New Business and Jobs are Bad

This has to be one of the stupidest editorials I’ve read in a long time.

The sudden influx of 10,000 jobs in Janesville could only be a good thing, right?

Not necessarily.

News of Foxconn considering and then passing up Janesville as the site of a $10 billion expansion project might have left some people feeling disappointed. But we know from experience the pitfalls of allowing one company and industry to dominate the local economy.

The GM plant closing happened not even 10 years ago. Let’s not forget with its closing came the sucking sound of hundreds of people’s livelihoods disappearing. When a community relies on a big employer, its fortunes rise and fall with that employer, too. The car industry is notoriously cyclical, and Janesville endured many ups and downs through the years before the bottom finally fell out in 2008.

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Sure, we’re puckering a little, here, from sour grapes, but winning 10,000 Foxconn jobs wouldn’t be a perpetual party for the economy. It would come with a hangover.

Their argument is basically that having a business open in town and create thousands of jobs is a bad thing because that company may leave one day and the jobs will go with it. In their view, unemployment is better because at least that can be perpetual.

What they ignore is the fact that GM created jobs, employment, and a good lifestyle for thousands of people for generations in Janesville. Yes, they eventually left and Janesville misses GM, but they are taking the wrong lesson from that experience. The lesson is that the city must diversify its economy to mitigate the negative effects of business closings. The lesson is NOT that they should eschew big businesses moving to town unless the business can guarantee that jobs will last for eternity.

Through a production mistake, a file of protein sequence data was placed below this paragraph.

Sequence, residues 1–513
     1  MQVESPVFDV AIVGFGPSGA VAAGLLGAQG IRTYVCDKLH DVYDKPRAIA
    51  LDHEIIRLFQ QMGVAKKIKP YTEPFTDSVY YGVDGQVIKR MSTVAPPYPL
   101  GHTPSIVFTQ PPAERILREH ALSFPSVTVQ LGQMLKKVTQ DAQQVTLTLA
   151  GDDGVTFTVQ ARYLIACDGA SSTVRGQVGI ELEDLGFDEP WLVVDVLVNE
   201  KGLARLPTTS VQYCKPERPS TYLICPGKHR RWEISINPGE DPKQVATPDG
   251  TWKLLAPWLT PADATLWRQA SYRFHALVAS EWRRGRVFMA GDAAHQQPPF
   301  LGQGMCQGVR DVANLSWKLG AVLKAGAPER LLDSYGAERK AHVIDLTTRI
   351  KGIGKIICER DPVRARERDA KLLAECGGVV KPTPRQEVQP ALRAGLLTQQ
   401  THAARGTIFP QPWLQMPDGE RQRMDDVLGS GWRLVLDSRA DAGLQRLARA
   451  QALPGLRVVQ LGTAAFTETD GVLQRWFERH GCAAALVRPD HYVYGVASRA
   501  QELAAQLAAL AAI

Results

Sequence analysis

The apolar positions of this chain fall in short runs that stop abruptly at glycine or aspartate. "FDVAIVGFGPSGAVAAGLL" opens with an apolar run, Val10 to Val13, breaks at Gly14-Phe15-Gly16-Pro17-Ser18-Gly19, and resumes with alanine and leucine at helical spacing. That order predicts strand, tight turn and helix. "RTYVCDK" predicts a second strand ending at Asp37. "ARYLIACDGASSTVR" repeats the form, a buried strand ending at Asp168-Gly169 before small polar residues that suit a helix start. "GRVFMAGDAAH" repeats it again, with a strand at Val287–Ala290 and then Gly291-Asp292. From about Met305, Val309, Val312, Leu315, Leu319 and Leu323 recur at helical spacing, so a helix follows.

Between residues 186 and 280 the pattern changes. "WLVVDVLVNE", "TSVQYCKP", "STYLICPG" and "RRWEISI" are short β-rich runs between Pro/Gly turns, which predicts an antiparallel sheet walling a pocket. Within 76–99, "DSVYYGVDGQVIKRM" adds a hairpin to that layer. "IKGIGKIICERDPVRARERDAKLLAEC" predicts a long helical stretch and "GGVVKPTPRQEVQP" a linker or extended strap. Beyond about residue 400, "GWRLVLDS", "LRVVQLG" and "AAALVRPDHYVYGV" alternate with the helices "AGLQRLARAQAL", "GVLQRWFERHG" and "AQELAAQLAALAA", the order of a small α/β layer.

4 Responses to New Business and Jobs are Bad

  1. billphoto says:

    While GM did many good things for the community, (and please correct me if I am wrong) I am told this was an old plant.  GM’s decision was financial given the cost to upgrade and the lack of local talent to support any upgrade investment.  As GM evolved, the Janesville labor pool did not which is something that Janesville’s leadership should have seen coming.  Also, I don’t see any mention of the impact of the United Auto Workers.  The UAW labor cartel may have protected those with jobs at Generous Motors but over time, unions destroy jobs in the companies they organize and retard economic growth.  Considering GM’s total hourly labor costs with benefits is about $69, while Toyota’s is about $48, it would make economic sense to move elsewhere.

  2. Kevin Scheunemann says:

    Liberals in Janesville:

    “Scott walker: we have too many jobs, we can’t handle all prosperity you have brought us.”

    I like it when liberals are complaining Walker’s plans are too prosperous.

    Sure beats the job destroying policies of Doyle!

  3. Rep Bob Gannon says:

    If Wisconsin keeps growing our business base there’s a chance that the poverty industry will be negatively impacted. This scares the heck out of liberals, because when the citizens enjoy individual economic success there’s a good chance they’ll forever leave the big government womb.

  4. kjanz1899 says:

    If Janesville doesn’t want the jobs then Foxconn should head over to Racine County.

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